So there you are, as Carter, running down the street of an alien-occupied town, closing the distance to a pack of marauding Outsiders as they scatter their cowardly grey selves behind three equally spaced barricades of smashed automobiles ahead of you. As they begin to take pot shots at your advancing squadmates with their exotic alien weaponry, you call up the Battle Focus interface, and in doing so, turn the rushing river of time to temporary molasses for your enemies. As your alien foes continue to scurry about and take cover—except now temporarily moving, from your point of view, at approximately half the speed of smell—you give your orders: One of your men is to move off to the right and get a flanking position on the aliens; your second guy, with the sniper rifle, is to take cover behind the smoking hulk of a bus crashed crosswise in the road and mark his next target for what will hopefully be a devastating headshot; your third man—and by the way, they do all seem to be men; it is, after all, 1962—is to stay right where he is and lay down enough suppressing fire to give you a chance to get a bead on the most well-covered pack of aliens…and give them an unpleasant, fatal taste of their own tech.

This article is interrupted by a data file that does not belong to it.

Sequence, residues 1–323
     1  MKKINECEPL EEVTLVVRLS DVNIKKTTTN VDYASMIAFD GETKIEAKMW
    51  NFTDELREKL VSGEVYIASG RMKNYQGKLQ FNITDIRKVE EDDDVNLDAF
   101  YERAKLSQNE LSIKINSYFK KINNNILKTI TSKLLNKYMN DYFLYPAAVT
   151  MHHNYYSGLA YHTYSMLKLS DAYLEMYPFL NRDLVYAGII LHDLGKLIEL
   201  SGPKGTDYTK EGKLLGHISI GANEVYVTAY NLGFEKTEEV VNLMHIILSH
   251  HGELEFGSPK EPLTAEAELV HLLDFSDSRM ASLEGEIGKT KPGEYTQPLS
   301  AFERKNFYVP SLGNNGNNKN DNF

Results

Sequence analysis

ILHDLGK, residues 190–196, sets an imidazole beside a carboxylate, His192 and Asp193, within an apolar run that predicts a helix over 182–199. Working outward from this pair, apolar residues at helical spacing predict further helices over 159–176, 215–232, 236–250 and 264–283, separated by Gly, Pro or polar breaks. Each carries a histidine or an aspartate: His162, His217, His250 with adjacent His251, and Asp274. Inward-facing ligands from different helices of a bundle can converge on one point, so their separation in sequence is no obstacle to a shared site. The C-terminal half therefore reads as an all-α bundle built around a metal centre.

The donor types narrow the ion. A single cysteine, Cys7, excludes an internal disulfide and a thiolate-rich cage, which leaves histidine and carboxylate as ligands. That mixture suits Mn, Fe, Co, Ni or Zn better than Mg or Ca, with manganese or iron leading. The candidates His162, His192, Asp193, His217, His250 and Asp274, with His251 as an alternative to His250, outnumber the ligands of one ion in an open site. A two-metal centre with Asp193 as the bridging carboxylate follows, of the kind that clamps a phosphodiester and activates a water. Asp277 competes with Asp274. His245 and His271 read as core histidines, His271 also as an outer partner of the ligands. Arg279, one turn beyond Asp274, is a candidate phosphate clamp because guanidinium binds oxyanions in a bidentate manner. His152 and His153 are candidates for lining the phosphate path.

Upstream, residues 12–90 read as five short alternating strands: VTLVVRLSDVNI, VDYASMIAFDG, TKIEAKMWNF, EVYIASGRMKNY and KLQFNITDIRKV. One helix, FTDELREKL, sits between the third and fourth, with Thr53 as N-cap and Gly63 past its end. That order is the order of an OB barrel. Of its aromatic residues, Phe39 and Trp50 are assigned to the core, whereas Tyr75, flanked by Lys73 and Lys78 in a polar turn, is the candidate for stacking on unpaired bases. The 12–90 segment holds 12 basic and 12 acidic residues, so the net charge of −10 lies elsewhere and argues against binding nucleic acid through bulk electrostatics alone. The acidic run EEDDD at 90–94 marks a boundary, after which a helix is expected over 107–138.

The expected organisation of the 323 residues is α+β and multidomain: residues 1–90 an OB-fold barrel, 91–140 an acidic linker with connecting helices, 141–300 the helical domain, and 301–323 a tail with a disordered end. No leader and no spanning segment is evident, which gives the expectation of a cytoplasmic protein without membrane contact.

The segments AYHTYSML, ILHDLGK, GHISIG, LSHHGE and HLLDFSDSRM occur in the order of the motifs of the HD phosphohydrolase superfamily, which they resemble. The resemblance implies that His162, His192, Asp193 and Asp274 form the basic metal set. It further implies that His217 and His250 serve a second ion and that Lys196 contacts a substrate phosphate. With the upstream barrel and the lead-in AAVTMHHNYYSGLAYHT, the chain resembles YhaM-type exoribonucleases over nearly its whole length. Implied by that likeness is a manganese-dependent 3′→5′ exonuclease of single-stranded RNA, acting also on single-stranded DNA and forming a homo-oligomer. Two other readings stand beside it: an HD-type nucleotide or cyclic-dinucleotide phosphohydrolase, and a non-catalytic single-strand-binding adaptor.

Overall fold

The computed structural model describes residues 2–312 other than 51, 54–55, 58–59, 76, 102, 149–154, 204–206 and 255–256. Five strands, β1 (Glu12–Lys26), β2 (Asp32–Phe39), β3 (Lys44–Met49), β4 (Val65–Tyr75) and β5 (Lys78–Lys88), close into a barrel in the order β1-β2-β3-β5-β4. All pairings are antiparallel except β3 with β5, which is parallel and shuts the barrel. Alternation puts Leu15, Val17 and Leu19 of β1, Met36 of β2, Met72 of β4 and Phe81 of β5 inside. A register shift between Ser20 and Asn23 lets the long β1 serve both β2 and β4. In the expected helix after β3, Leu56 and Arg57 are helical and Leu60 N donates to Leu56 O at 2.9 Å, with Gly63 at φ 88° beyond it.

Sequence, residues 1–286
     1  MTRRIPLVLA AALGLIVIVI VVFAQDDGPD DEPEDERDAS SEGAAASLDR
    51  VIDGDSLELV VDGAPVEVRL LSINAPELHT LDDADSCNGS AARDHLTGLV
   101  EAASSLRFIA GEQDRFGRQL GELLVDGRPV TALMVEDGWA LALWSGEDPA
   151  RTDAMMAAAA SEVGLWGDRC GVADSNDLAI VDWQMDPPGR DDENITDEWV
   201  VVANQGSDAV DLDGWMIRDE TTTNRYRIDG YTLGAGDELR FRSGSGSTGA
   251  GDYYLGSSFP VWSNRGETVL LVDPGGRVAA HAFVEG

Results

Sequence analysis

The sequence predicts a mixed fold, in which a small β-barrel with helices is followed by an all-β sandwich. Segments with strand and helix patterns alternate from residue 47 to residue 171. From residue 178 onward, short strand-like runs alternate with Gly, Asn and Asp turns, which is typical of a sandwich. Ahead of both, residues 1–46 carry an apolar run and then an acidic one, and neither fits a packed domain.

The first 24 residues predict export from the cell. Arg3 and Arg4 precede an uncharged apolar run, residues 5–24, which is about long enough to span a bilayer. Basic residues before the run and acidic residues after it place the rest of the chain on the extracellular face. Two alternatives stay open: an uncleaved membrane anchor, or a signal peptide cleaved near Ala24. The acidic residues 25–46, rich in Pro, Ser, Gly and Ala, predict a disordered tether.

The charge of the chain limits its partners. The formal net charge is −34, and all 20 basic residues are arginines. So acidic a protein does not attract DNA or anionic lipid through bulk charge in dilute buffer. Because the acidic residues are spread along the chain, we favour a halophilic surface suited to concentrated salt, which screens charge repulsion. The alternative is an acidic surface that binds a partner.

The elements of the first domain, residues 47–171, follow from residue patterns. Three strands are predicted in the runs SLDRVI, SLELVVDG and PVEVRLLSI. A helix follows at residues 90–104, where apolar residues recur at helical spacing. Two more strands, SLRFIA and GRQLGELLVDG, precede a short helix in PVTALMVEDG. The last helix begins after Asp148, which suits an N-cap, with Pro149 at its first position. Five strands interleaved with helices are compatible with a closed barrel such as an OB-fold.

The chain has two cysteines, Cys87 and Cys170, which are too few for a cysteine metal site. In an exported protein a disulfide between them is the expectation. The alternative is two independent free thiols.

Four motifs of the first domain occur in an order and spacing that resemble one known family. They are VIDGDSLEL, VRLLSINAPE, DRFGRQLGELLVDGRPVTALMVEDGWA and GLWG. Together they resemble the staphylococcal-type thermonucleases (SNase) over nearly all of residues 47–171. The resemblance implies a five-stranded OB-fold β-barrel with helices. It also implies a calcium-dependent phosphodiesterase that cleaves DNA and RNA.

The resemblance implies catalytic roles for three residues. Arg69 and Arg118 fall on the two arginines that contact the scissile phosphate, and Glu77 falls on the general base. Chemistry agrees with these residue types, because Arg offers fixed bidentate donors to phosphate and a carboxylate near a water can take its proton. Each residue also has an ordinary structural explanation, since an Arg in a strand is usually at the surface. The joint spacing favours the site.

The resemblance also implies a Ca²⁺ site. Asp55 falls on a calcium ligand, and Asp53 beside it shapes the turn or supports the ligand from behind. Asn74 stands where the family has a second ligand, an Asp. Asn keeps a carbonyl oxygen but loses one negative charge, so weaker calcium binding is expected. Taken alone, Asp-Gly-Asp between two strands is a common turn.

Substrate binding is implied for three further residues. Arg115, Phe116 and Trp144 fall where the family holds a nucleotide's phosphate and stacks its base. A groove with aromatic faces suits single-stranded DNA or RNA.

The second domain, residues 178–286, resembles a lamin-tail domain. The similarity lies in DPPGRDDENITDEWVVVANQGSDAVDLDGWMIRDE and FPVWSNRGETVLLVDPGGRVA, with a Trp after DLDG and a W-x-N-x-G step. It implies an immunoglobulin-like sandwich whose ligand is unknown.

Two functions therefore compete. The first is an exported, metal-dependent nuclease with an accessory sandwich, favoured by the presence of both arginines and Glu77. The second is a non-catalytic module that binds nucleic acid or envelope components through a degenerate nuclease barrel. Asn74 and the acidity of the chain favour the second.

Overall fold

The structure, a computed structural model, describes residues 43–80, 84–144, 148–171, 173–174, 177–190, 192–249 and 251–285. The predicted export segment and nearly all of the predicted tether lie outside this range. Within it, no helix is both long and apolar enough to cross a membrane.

Yes, even though this is an era of primitive, loud, man-made slug-throwers (not to mention smoking everywhere, and lots of magazine-advertisements featuring extremely creepily-airbrushed children), the propeller-heads back at Bureau HQ have managed to reverse-engineer the occasional bit of recovered E.T. tech. One of the more useful (not to mention fun) ones that Carter was able to unleash during our two some odd hours of hands on time was effectively a contained, projected anti-gravity field. Slap this baby on a cluster of hunkered-down aliens who stubbornly refuse to emerge from cover, and it hoists them gracelessly and helplessly into the air—enough time for one or two fellow agents-in-arms to give your unwelcome, high-tech-wielding extraterrestrial guests a concentrated, ranged dose of good old-fashioned American-style lead poisoning.